Begin by bringing a large pot of water to the boil for the pasta. Add some salt once it boils. In a medium frying pan combine canola oil with 2 Tbsp. extra virgin olive oil. Turn heat to medium and, when hot, salt the epplant slices and place about 8 slices in the hot oil. Do not overcrowd the pan; you will probably need to do this in three batches. Sauté 3 minutes, then turn over and continue cooking for about 5 minutes until the eggplant begins to have some golden color. You want the eggplant to be just tender, not mushy. Remove eggplant to a paper towel-lined dish. Repeat, adding a bit more canola and olive oil until the eggplant is sautéed. Once the eggplant is all cooked, cut into bite size pieces and set aside. Boil the pasta after the eggplant has been sautéed, reserving 1/2 cup of the pasta water. While pasta is cooking place garlic in the same frying pan used to sauté eggplant. Add 1/2 cup extra virgin oil, then turn heat to medium low and sauté garlic until fragrant and soft but not brown. It should take about 2 minutes. Add Aleppo pepper, 1 Tbsp. parsley. Stir. Add cooked and drained pasta to the garlic oil. Season with salt and pepper to taste. Add pasta water to moisten. Pour into serving bowl. Toss in the sautéed eggplant. Garnish with remaining parsley and basil. Serves 4-5.

  

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Apricot Semifreddo

Semifreddo, an Italian frozen mousse, is a great make-ahead summer dessert. I posted a sour cherry version when I first began blogging. This apricot semifreddo is light and refreshing on a hot day, can be made several days in advance, and will keep in the freezer for at least a week.  You can poach good quality fresh apricots or use canned apricots if fresh are not available to you. I recently made this dessert for a family gathering and everyone loved it. If you are concerned about using raw eggs, feel free to use pasteurized egg products or cook the apricot mixture in a double boiler.

Apricot semifreddo
Poached apricots
2 c. water
1/2 c. sugar
1/4 tsp. almond extract
4 large apricots, halved and pitted

In a 2-quart saucepan combine water, sugar, and extract. Bring to a boil to dissolve sugar, then lower heat to a simmer and add apricot halves. Let simmer until apricots are soft, depending on the ripeness of the fruit, 3-5 minutes. Remove apricots with a slotted spoon. Discard the poaching liquid. You will need 1-1/4 cups poached apricots for the semifreddo.

Fruit Mousse
1-1/4 c. poached apricots (or canned apricots, drained)
1/3 c. apricot jam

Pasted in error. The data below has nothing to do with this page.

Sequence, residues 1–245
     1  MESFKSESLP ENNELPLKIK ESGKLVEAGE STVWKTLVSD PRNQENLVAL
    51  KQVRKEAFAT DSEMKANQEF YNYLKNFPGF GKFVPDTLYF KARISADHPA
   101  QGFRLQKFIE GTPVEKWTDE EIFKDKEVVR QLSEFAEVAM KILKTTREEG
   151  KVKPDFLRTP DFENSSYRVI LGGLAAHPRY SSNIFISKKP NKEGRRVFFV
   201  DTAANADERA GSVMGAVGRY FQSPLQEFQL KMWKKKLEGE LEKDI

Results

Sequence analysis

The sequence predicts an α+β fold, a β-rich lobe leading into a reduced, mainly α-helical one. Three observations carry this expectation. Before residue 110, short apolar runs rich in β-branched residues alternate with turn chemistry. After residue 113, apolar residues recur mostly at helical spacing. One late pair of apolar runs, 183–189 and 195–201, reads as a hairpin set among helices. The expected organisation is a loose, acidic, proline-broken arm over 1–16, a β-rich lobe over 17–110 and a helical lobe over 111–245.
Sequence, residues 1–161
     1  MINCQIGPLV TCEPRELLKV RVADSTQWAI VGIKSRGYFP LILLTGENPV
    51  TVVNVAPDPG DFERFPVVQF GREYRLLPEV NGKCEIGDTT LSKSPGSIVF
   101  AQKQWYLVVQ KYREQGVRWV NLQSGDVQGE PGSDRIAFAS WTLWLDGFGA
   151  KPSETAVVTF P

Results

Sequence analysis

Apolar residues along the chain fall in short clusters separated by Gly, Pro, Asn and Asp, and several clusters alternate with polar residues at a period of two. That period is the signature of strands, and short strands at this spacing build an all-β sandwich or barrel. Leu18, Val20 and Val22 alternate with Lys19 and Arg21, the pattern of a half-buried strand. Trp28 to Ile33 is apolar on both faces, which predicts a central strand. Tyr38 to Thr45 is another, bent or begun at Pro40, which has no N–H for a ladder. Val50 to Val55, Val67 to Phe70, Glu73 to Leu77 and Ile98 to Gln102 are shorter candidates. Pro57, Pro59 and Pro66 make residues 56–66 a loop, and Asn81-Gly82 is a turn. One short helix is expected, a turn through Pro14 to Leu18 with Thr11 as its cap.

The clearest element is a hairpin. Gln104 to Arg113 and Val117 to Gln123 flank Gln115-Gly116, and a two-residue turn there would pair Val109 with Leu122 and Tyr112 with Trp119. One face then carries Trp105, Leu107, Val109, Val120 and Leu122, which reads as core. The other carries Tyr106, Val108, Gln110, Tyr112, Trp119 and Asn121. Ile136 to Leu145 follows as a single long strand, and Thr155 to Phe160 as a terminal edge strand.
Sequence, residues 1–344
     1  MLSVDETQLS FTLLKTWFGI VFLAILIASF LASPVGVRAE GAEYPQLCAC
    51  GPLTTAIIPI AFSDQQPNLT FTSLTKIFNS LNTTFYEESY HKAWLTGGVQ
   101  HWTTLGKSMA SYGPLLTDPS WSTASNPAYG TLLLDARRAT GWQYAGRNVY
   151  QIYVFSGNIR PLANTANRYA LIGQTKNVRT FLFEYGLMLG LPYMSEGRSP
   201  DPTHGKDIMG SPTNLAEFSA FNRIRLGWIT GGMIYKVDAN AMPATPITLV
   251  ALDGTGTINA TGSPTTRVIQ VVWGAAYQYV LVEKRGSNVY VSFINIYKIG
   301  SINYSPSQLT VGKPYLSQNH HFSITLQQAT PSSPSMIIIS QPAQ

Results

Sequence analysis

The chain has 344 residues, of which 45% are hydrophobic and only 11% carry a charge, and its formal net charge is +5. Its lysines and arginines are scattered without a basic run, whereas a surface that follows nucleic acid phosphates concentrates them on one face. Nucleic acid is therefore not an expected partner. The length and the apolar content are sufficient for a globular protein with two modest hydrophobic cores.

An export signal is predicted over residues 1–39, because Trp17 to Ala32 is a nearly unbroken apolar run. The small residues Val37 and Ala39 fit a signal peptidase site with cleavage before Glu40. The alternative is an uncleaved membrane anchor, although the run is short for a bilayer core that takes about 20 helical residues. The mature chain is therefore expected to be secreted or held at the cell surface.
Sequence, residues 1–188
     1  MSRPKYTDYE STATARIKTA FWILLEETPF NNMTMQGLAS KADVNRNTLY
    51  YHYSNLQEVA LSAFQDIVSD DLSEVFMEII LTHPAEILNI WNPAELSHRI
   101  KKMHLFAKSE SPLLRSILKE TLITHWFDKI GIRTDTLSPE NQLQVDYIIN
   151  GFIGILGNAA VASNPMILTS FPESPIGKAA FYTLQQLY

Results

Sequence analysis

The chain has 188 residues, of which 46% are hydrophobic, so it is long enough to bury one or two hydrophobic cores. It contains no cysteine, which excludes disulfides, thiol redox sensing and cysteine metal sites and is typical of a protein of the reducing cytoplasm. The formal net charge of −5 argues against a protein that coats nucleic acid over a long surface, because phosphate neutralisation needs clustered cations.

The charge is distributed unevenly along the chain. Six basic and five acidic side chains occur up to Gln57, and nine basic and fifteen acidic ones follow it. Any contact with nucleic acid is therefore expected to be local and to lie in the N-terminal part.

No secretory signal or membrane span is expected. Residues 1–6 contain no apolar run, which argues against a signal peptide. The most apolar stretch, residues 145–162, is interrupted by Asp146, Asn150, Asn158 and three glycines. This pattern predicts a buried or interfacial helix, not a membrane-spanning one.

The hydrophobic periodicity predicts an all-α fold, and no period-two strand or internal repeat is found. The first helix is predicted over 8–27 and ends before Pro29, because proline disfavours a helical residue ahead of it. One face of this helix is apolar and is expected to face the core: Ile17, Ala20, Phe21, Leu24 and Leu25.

1/2 c. granulated sugar + 3 Tbsp. sugar
1/4 tsp. vanilla extract
1/8 tsp. almond extract
pinch of fine salt
3 large eggs, separated
1-1/4 c. heavy cream

Line a loaf pan with parchment or waxed paper, enough to overlap the edges of the pan. In a blender combine apricots, jam, 1/2 cup sugar, extracts, and salt. Blend. Taste and see if it is sweet. Add more sugar if the apricots seem a bit too tart, then add the egg yolks. Blend until smooth. Pour into a large mixing bowl. In a separate mixing bowl beat egg whites with a pinch of salt until stiff. Fold whites gently into the apricot fruit mixture. Beat cream to soft peaks with the 3 remaining Tablespoons of sugar. Fold into fruit mixture, then pour into prepared pan. Fold extra parchment or waxed paper over mousse. Place in a large ziplock bag or cover with plastic wrap and freeze. When ready to serve, unfold parchment and cut into slices. Serves 8-10.

  

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Blueberry Jam

I love anything blueberry, and this jam is like blueberry pie in a jar. It is easy to make and allows you to enjoy fresh blueberry flavor all year long. I like the texture of puréed blueberries, but if you prefer it with more fiber and larger bits of blueberry you can skip using the food processor and mash your berries by hand.

Blueberry Jam
8 c. fresh blueberries, rinsed and stemmed
1/4 c. fresh lemon juice
2-1/2 Tbsp. powdered pectin
1 (1-2 inches long) cinnamon stick
6 c. sugar

Begin by bringing a waterbath canner full of water to the boil. Sterilize lids by boiling  in a pot of water and run 8 half-pint jars in the dish washer. In a food processor pulse blueberries to a thick, chunky purée. You may need to do this in two batches if you have a smaller food processor (I find it easiest to grind 4 cups at a time). You need 5 cups of blueberry purée to make the jam. Pour into a large, heavy bottom pot. Stir in fresh lemon juice, pectin, and the cinnamon stick. Turn heat to high and, stirring constantly, bring to a rolling boil. Boil 1 minute then add sugar and return to a rolling boil. Boil 1 more minute. Remove from heat and spoon out cinnamon stick. Pour into jars. Wipe rims with a damp paper towel and screw on lids. Water bath for 10 minutes at sea level and 15 minutes at high altitude. Makes 8 half-pint jars.